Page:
Healthy life expectancies are calculated using a period life table methodology (1). Age-specific mortality rates are combined with age-specific prevalence rates for the specific health component to produce an estimate of overall healthy life expectancy. This methodology has been published elsewhere (3). Healthy life expectancies can be compared across populations, as well as over time, as long as the age-specific prevalence rates are reliable across all age categories.

Data Items Used for Healthy Life Measures

  • Respondent-assessed health status is measured by the single question in which the respondent or proxy respondent is asked to rate their health as “excellent,” “very good,” “good,” “fair,” or “poor.” This self-assessed health rating has been validated as a useful indicator of a person’s actual health for a variety of populations, permitting broad comparisons across different conditions and populations (4).
  • Activity limitation is measured using questions about personal care needs, limitations of activities, and use of special equipment. Adults are asked whether they need assistance with personal care needs, such as eating, bathing, dressing, or getting around inside the home; if they need assistance with routine care needs, such as household chores; if they have mental or physical problems that prevent them from working at a job or going to school; or if they have health problems that require the use of special equipment, such as a cane, wheelchair, or special telephone. Respondents (or their proxies) responding “yes” to any of these questions are classified as having an activity limitation.
  • Disability status is measured using a set of six questions developed for the American Community Survey (ACS). These questions ask if a person has difficulty in six domains of functioning: hearing; seeing; concentrating, remembering, or making decisions; walking or climbing stairs; dressing or bathing; and doing errands alone. The hearing and seeing questions are asked of persons aged 1 year and over. Questions on concentrating, remembering, or making decisions; questions on walking or climbing stairs; and questions on dressing or bathing are asked of persons aged 5 years and over. The questions on doing errands alone are asked of persons aged 15 years and over. Respondents (or their proxies) who answer “yes” to one or more of the questions are classified as being “at risk” of having a disability. Beginning in 2018, the set of six ACS disability questions were no longer included in the National Health Interview Survey. Consequently, the Foundation Health Measures that include disability (FHM-1.2, 2.2, 6.1, 6.2) show data only through 2017.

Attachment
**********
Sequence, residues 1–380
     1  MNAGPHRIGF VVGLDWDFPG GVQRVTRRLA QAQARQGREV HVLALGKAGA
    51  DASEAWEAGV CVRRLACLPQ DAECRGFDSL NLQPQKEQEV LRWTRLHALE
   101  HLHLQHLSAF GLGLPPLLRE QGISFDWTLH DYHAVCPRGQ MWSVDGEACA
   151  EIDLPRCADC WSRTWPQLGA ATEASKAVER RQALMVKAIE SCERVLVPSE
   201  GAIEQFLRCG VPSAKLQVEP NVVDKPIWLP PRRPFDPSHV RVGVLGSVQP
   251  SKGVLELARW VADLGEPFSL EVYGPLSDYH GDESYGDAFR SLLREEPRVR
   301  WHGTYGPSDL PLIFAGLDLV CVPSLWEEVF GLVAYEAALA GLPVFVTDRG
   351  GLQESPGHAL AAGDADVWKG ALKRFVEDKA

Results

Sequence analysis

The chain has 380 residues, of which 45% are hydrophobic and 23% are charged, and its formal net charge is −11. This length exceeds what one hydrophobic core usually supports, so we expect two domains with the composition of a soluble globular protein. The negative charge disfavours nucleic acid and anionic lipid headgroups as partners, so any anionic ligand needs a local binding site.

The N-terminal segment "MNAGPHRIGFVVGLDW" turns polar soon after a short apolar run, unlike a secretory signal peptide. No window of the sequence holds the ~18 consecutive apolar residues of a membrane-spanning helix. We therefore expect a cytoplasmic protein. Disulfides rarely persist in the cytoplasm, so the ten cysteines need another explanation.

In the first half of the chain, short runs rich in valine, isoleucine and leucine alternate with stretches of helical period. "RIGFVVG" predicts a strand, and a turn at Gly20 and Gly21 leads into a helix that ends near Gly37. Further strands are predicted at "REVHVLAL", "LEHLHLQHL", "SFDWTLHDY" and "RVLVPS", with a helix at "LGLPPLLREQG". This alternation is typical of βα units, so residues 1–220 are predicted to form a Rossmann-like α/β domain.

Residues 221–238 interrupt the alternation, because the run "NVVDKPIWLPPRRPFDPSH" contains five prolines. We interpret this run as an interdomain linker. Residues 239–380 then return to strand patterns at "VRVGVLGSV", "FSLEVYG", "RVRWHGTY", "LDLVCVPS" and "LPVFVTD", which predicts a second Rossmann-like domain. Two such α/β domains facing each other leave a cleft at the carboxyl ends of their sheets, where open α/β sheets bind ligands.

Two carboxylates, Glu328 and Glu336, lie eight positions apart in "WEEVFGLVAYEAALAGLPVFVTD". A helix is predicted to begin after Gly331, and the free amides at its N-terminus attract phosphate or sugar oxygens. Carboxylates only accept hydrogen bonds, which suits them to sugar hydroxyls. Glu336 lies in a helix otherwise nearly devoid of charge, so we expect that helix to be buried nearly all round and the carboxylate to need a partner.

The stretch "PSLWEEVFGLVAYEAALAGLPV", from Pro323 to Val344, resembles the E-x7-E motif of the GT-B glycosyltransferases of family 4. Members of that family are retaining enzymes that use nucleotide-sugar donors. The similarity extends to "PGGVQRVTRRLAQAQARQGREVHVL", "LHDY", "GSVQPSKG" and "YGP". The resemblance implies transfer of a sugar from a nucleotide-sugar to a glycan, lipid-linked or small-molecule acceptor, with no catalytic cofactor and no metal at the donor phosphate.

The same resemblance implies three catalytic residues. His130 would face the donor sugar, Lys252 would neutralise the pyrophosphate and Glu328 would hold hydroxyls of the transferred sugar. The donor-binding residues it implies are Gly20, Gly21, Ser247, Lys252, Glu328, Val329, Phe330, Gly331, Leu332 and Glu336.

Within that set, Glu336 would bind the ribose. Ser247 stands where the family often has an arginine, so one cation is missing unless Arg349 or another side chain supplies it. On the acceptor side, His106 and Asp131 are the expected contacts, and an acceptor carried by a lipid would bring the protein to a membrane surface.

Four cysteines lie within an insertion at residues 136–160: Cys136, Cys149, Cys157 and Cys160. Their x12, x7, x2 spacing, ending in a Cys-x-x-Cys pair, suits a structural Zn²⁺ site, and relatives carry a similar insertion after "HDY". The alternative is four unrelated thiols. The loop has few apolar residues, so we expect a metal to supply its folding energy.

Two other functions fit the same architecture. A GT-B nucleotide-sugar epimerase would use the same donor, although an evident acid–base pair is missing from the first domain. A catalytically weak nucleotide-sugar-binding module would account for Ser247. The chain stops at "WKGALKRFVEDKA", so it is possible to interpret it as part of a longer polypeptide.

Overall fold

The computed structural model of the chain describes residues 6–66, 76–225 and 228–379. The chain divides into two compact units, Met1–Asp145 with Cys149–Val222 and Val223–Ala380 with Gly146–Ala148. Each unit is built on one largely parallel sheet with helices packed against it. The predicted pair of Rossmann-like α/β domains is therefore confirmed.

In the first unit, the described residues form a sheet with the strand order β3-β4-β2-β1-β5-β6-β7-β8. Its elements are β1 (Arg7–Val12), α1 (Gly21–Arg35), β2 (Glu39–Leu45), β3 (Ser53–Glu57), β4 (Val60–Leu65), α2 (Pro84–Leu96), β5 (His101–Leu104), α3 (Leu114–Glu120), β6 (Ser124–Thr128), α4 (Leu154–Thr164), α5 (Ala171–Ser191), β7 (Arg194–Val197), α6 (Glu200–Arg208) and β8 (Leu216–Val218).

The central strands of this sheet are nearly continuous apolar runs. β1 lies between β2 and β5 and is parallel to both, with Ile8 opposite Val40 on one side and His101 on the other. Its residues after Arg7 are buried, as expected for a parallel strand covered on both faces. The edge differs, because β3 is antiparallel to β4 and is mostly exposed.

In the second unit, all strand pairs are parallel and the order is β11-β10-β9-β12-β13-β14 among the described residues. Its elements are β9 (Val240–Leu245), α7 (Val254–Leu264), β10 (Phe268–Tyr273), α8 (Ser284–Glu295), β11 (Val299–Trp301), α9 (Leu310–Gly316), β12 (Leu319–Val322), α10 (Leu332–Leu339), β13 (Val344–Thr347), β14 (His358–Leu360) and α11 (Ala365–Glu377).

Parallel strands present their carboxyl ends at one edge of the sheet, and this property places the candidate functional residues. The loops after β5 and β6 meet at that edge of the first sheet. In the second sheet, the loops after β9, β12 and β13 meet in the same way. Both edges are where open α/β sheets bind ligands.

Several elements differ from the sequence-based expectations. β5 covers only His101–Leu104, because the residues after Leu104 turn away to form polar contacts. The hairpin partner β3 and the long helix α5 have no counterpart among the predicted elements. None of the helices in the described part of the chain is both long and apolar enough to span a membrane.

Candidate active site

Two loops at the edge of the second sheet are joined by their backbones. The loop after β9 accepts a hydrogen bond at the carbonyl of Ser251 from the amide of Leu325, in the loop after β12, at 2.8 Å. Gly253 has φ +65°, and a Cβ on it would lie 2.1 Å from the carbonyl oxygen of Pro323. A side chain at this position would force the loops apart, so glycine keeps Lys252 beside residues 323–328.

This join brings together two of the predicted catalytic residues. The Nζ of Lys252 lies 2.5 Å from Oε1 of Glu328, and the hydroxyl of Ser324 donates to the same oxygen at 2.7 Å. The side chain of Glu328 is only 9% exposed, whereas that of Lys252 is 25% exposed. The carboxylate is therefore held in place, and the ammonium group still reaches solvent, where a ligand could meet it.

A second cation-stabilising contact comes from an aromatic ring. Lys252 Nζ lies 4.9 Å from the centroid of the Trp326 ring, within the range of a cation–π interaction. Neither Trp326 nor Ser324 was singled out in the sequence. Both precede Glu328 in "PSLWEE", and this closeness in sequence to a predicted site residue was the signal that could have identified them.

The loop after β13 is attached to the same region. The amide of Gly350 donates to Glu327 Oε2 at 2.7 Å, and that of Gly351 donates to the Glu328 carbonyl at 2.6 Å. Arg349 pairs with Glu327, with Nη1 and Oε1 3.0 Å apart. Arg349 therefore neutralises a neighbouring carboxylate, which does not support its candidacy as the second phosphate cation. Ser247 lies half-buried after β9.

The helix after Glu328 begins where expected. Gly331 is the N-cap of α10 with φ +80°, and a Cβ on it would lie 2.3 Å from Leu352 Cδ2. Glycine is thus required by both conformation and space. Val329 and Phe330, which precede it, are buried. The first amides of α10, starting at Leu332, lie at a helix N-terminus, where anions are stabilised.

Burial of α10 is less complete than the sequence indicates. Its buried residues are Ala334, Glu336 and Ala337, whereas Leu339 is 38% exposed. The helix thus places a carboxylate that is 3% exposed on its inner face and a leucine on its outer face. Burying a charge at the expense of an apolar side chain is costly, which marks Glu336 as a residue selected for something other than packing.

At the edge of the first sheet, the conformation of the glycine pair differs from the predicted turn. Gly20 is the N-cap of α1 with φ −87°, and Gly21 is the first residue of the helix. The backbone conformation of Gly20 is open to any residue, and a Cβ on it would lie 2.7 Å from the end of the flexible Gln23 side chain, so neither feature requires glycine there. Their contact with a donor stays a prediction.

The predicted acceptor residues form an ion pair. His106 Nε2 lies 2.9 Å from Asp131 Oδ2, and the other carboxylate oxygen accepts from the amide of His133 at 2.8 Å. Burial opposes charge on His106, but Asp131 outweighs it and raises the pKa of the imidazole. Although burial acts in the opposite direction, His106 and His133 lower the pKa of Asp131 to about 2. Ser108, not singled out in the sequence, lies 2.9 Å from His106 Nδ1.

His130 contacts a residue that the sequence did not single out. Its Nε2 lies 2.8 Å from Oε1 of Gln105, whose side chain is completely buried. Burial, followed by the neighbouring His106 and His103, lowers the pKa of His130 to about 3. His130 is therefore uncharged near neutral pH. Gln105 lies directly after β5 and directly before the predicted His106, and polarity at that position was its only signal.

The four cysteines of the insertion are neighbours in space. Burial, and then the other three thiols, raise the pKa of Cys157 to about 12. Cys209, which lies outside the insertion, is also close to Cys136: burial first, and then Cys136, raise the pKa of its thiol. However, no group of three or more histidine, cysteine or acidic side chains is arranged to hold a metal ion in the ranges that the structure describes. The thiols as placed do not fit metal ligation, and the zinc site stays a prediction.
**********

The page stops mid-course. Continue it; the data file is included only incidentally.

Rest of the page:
1. Arias E, Xu JQ. United States life tables, 2018. National Vital Statistics Reports; vol 69 no 12. Hyattsville, MD: National Center for Health Statistics. 2020. Available from:
  2. Murray CJL, Salomon JA, Mathers CD, Lopez AD, editors. Summary Measures of Population Health: Concepts, ethics, measurement, and applications. Geneva, Switzerland: World Health Organization. 2002.
  3. Molla MT, Madans JH, Wagener DK, Crimmins EM. Summary Measures of Population Health: Report of findings on methodologic and data issues. National Center for Health Statistics. Hyattsville, MD. 2003. Available from:
  4. Idler EL, Benyamini Y. Self-rated Health and Mortality: A review of twenty-even community studies. J Health Soc Behav38:21–37. 1997.